Joseph Brooks (songwriter)

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Joseph Brooks
Joseph Brooks (songwriter), 1978.jpg
Joseph Brooks in 1978 as he appeared in
If Ever I See You Again
Background information
Birth name Joseph Kaplan
Also known as Joe Brooks, Joey Brooks
Born (1938-03-11)March 11, 1938
New York City, United States
Died May 22, 2011(2011-05-22) (aged 73)
New York City, United States
Genres Pop music
Occupation(s) Composer, director, producer, screenwriter, musician
Instruments Piano
Associated acts Joey Brooks and the Baroque Folk, The Joe Brooks Group, Debby Boone, Kvitka Cisyk

Joseph Brooks, born Joseph Kaplan[1] (March 11, 1938 – May 22, 2011),[2] and also known as Joe Brooks or Joey Brooks, was an American composer, director, producer, and screenwriter. He was a prolific writer of advertising jingles and wrote the hit songs "My Ship Is Comin' In", "If Ever I See You Again", and "You Light Up My Life", the latter being composed for the hit film of the same name that he also wrote, directed, and produced. In his later years he became the subject of an investigation after being accused of a series of casting-couch rapes. He was indicted in 2009, but committed suicide on May 22, 2011, before he could be brought to trial.

Early life and singing career[edit]

Brooks was born Joseph Kaplan[1] on March 11, 1938 in Manhattan, and grew up in Manhattan and Lawrence, Long Island, New York.[3] In later interviews, he claimed to have started playing piano at age 3 and writing plays at age 5, following his parents' divorce.[2] As a child, he also developed a severe lifelong stutter that, according to his production partner Robert K. Lifton, would disappear when Brooks sang or acted.[2][4] He later attended five different colleges, including Juilliard, but did not graduate from any.[2]

In the late 1950s, Brooks pursued a career as a singer-songwriter, adopting the name "Joey Brooks"[5] (later changed to "Joe Brooks" or "Joseph Brooks"[1]) He released several records on the Canadian-American label as "Joey Brooks", and on Decca as "Joey Brooks and the Baroque Folk".[6] When his singing career failed, he drifted into advertising and occasional songwriting work,[2] although he sporadically released several more records throughout the 1960s and 1970s.

Advertising, film and stage career[edit]

In the 1960s, Brooks composed advertising jingles for clients including Pepsi ("You've Got a Lot to Live") and Maxwell House ("Good to the Last Drop Feeling"). He received numerous Clio Awards for his work, as well as a People's Choice Award.[7] He also wrote (credited as "Joey Brooks") the song "My Ship Is Comin' In", a Top Ten UK hit in 1966 for the Walker Brothers.[8]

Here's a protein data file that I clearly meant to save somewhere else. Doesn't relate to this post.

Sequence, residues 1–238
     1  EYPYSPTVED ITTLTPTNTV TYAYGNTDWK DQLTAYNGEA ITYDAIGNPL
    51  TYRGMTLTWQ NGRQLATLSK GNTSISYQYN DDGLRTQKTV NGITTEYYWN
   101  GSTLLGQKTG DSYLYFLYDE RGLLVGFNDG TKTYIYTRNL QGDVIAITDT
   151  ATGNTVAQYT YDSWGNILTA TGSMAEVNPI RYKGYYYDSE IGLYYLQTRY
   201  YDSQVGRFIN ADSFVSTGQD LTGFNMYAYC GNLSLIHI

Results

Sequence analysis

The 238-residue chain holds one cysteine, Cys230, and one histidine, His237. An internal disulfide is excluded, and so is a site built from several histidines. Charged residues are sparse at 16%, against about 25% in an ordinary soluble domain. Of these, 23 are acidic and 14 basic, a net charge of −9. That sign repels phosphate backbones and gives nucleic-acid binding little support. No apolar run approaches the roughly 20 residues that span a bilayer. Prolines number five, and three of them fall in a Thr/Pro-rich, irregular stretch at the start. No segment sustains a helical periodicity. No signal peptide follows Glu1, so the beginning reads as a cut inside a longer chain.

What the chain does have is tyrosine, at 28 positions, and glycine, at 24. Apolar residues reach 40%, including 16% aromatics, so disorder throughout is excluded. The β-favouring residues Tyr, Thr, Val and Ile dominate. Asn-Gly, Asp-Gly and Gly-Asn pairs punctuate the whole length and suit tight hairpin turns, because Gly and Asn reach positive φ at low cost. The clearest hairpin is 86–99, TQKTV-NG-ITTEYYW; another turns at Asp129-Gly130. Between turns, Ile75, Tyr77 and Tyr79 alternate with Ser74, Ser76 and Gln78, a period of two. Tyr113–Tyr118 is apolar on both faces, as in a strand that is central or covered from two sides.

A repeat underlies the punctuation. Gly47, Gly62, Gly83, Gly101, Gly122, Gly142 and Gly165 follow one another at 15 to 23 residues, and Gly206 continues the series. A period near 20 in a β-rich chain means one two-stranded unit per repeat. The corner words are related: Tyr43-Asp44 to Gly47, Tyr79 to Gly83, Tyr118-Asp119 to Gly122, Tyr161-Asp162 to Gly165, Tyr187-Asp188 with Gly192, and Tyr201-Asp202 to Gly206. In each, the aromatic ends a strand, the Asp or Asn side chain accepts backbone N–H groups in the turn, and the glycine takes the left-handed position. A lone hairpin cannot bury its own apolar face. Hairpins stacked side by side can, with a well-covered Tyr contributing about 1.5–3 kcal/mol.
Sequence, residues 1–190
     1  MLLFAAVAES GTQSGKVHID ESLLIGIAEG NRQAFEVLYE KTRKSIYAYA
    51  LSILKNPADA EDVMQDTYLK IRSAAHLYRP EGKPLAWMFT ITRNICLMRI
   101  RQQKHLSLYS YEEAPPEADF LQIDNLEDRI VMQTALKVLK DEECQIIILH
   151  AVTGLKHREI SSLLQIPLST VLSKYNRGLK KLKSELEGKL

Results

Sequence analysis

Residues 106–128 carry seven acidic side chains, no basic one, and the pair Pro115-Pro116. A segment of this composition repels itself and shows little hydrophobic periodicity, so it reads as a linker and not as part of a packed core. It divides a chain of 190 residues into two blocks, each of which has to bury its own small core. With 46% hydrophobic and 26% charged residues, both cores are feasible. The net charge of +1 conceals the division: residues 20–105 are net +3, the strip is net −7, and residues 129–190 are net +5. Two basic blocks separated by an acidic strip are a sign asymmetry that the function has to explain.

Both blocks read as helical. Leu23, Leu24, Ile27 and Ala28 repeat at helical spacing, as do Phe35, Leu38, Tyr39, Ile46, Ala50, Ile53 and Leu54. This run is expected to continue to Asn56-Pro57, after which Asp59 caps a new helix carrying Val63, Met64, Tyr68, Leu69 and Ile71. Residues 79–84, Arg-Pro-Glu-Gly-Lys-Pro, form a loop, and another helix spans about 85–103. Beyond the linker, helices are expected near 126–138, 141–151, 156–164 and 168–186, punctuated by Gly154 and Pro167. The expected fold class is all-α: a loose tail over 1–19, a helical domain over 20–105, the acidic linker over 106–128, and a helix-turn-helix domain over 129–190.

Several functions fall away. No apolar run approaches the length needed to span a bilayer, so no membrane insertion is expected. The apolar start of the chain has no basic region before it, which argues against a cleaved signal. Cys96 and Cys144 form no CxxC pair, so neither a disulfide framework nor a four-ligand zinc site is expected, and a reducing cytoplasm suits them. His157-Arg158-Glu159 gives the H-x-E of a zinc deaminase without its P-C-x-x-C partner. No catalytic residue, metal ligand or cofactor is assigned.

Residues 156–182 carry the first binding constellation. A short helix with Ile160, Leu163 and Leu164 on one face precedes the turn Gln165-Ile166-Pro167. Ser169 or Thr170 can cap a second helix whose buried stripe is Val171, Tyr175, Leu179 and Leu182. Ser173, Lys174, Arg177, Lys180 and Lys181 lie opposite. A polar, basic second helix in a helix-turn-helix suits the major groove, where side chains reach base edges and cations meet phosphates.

In the 1970s, Brooks, who had become wealthy from his advertising work (at one point claiming to have 150 commercials on the air),[2] began composing for films. He wrote music for the American release of The Garden of the Finzi-Continis (1970), Marjoe (1972), and The Lords of Flatbush (1974) (in which he was also an investor).[2][9][10] He wrote "Blue Balloon (The Hourglass Song)" which was sung by Robby Benson as the theme song for the film Jeremy (1973),[11] and further claimed to have written, cast and directed most of Jeremy, although Arthur Barron was the sole writer and director of record.[9][12] Brooks' claim was recognized by New York Times film critic Roger Greenspun, who wrote that "it seems fair to suggest that, in whatever proportion, both men were involved in the authorship of the film."[13]

Brooks next developed his own film project, You Light Up My Life, which he wrote, produced, directed and scored on a budget of approximately $1 million. The romantic drama about an aspiring singer, starring Didi Conn, became a box office success despite poor reviews.[2][4][14] The title song Brooks composed for the film was an even bigger success; a cover version by Debby Boone reached #1 on the U.S. Billboard Hot 100 chart and held the top position for 10 consecutive weeks, at that time the longest Number One reign in the chart's history.[15] With sales of over five million copies,[16] the song ultimately became the biggest hit of the 1970s,[17] and earned Brooks a Grammy Award for Song of the Year, an Academy Award for Best Original Song, a Golden Globe Award and an American Society of Composers, Authors and Publishers (ASCAP) award.[18]

Brooks attempted to follow up his success with a similar romantic drama, If Ever I See You Again (1978), for which Brooks not only co-wrote, produced, directed and scored, but also played the leading role (a successful composer of TV commercial jingles, much like himself in real life), despite having no significant prior acting experience.[3][4][9] Although the title song became a moderate hit for Roberta Flack (peaking at #24 on the Hot 100 chart), the movie received sharply negative reviews and was a box-office bomb.[10] Brooks was subsequently involved in several other films, including directing and scoring Invitation to the Wedding (1983) (in which Ralph Richardson and John Gielgud appeared)[2] and co-producing Eddie and the Cruisers (1983) (which Brooks did not score).[4] In the late 1990s, he began developing (with his then-wife Christina Bone) a film entitled Sara's Life Before It Became a Movie,[19] which was never released.[7]